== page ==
Sunday, we saw the Ballet Wichita production of The Nutcracker. It has become a tradition for the girls and me. I grew up taking grade school field trips to see a shortened school performance, and in college, as a theatre major, I attended several times to see my dancer friends. (One of them, above in the blue gown, is Big Sis's ballet teacher this year!) It was wonderful to start attending again, when Big Sis was old enough for the shorter school version. I sat with her and her best friend when they were four years old - her best friend's parents play Clara's parents each year - and I loved watching their faces. We did this again the following year, with Little Sis joining us, but last year saw the beginning of all-day kindergarten, so the past two years, I've bought matinee tickets to the full ballet. The good news? They like the full-length ballet better. THE SNOW SCENE. That's enough to make sitting still for two hours completely worth it.
My little dancer babies are rather Nutcracker-happy this year. Little Sis decked her pink tree out in ballet and Nutcracker ornaments. We bought a big Nutcracker at Target this year. In fact, all of our Nutcracker goodies wound up in their playroom, with their tabletop trees. Big Sis even saw the school production this year, in addition to our outing. Not only did many first-grade classes across the city see the ballet, but her whole school saw it - her dance teacher from school was one of the Russian performers!
We had a happy afternoon at the ballet, despite all the madness going on in the world outside, and despite the fact that I'd spent a day and a half incapacitated with the Worst. Stomach bug. Ever.
We have three versions of The Nutcracker in book form in the house now. We have checked out other versions from the library in the past. (To see more excellent Nutcracker stuff, please check this post at Julia's Bookbag and this one at Silly Eagle Books.)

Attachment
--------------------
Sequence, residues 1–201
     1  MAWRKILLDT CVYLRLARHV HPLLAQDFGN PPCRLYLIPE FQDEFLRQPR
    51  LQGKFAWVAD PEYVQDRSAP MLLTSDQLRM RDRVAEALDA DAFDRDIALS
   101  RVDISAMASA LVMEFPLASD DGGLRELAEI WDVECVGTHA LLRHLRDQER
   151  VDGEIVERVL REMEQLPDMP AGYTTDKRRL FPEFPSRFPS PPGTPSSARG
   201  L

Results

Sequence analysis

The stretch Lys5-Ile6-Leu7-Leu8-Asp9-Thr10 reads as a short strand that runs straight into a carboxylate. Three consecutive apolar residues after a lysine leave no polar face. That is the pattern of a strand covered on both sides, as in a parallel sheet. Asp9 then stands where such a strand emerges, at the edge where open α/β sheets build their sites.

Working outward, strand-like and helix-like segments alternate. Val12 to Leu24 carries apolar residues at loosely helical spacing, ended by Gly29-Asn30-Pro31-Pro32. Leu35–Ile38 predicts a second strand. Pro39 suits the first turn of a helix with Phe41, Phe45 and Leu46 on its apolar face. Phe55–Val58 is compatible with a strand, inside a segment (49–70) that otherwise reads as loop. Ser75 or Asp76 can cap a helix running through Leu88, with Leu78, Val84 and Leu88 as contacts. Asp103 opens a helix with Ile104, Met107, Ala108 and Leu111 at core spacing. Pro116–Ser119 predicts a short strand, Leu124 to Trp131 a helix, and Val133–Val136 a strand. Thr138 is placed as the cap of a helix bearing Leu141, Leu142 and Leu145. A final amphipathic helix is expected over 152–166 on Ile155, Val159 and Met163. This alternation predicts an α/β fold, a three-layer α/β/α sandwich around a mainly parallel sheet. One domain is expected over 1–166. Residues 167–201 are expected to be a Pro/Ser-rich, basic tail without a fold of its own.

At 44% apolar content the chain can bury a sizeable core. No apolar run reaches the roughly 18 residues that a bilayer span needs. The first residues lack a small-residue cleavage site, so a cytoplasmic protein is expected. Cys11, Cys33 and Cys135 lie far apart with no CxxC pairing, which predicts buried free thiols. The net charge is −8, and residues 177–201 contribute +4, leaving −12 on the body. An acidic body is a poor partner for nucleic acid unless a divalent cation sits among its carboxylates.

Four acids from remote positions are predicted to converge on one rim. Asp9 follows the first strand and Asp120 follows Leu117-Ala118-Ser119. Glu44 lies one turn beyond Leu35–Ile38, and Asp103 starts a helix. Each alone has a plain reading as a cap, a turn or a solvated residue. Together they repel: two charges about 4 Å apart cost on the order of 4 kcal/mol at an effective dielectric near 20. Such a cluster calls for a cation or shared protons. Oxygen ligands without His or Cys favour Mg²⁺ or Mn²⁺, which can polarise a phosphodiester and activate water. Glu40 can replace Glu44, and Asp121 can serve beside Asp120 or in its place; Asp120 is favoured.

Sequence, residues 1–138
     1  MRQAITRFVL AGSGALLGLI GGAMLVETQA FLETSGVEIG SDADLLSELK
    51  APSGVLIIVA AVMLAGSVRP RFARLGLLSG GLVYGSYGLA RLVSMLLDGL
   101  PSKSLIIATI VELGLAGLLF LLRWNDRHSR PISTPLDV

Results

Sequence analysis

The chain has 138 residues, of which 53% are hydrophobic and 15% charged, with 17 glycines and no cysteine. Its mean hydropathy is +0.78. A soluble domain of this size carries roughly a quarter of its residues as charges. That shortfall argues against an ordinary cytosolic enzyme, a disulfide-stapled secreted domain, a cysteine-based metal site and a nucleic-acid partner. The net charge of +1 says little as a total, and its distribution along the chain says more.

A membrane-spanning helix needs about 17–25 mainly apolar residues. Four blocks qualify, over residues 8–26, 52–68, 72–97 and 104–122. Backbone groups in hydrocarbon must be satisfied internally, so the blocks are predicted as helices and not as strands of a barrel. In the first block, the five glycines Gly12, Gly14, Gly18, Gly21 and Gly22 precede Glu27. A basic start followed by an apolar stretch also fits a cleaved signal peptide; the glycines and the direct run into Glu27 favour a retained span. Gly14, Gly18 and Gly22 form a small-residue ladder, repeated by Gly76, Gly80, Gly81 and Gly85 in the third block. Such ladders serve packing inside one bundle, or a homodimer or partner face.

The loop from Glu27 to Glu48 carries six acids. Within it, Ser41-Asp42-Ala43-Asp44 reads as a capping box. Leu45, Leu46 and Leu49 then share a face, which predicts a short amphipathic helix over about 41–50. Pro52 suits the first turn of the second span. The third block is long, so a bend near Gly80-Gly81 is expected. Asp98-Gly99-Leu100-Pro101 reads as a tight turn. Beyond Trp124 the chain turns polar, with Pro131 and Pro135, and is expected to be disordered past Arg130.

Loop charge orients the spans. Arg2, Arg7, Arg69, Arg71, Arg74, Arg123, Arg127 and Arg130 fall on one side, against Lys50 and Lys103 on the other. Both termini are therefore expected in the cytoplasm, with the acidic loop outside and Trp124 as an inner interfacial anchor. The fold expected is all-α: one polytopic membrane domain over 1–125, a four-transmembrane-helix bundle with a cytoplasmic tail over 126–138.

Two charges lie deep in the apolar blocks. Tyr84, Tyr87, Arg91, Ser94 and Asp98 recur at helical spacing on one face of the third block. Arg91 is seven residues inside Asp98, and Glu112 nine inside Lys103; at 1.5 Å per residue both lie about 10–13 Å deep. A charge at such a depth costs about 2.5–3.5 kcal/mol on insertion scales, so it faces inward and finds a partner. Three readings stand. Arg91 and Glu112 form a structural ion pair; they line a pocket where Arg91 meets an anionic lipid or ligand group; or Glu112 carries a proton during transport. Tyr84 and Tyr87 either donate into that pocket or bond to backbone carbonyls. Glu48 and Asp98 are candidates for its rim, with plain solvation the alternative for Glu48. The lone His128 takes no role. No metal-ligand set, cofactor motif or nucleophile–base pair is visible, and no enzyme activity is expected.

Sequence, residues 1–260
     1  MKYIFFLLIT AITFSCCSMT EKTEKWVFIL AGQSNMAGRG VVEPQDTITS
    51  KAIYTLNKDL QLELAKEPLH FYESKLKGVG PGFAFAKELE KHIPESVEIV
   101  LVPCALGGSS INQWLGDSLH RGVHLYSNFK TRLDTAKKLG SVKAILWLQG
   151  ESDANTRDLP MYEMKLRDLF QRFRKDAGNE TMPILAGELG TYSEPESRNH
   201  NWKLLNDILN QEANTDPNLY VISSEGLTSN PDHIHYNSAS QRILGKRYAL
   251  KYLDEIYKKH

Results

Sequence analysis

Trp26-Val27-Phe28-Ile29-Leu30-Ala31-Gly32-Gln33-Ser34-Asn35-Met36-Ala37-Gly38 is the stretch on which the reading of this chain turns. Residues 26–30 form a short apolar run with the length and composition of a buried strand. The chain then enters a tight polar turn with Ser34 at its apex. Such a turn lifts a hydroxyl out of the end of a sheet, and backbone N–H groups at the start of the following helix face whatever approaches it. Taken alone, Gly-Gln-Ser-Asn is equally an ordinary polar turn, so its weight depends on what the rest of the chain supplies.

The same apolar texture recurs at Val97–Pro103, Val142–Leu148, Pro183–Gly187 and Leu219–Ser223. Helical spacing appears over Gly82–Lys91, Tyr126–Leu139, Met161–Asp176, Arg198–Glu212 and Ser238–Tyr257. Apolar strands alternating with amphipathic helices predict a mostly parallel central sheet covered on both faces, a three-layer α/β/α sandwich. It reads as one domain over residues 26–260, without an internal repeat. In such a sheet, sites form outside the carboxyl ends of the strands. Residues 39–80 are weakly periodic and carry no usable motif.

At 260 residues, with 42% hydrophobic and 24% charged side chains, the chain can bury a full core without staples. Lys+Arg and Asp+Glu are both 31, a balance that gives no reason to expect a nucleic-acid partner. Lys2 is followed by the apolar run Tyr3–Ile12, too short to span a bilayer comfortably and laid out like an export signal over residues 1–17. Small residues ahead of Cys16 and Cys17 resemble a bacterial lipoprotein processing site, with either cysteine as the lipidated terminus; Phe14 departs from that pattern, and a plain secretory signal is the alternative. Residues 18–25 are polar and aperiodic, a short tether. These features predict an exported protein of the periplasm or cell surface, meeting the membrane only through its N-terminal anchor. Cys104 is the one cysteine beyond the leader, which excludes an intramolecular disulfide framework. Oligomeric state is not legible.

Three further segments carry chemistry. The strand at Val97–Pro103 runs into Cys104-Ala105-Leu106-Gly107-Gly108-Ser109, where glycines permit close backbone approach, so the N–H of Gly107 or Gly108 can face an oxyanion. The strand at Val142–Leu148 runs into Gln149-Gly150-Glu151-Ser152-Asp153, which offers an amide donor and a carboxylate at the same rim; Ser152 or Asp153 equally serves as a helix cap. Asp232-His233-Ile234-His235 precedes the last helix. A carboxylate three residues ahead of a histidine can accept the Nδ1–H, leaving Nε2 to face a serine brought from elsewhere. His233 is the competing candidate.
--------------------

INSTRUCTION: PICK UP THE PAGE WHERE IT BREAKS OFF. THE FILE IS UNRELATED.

Nutcracker by E.T.A. Hoffman, illustrated by Maurice Sendak, translated by Ralph Manheim. Crown, 2012; originally published in 1984.
This was our only Nutcracker from the library this year. I never intended to read it aloud to the girls, as they aren't really ready for the original Hoffman yet. Sendak wasn't fond of the ballet as he knew it. When he collaborated with Kent Stowell to design a new version for the Pacific Northwest Ballet, he wanted to bring back the darkness of the original Hoffman tale. You can listen to an interview with Sendak from NPR's Morning Edition here, where he discusses his vision. Once again, I point you in the direction of Julia's Bookbag, where Melissa has compiled some links, as well as photos she took of this year's Pacific Northwest Ballet production of The Nutcracker. There was a film version made in 1986. It airs on television frequently this time of year. If you stream, it is available on Netflix, Hulu, and Amazon Instant Video. You can still hunt down the DVD, too.
Actually, if I may interrupt myself a minute, let me direct you to good Wikipedia's entry on The Nutcracker. You can get a good sense of what the original was like, who made changes in their productions and why...
We own two books of the story ourselves. Both of these were bargain books purchased on post-holiday clearance at Barnes & Noble in years past. Both were published by Sterling, and came with something special.
The Nutcracker: The Classic Christmas Fantasy [Barnes & Noble Edition]. Contains E.T.A. Hoffman's "The Nutcracker and the Mouse King" (1816) and Alexandre Dumas's "The History of a Nutcracker" (1845). Sterling, 2009.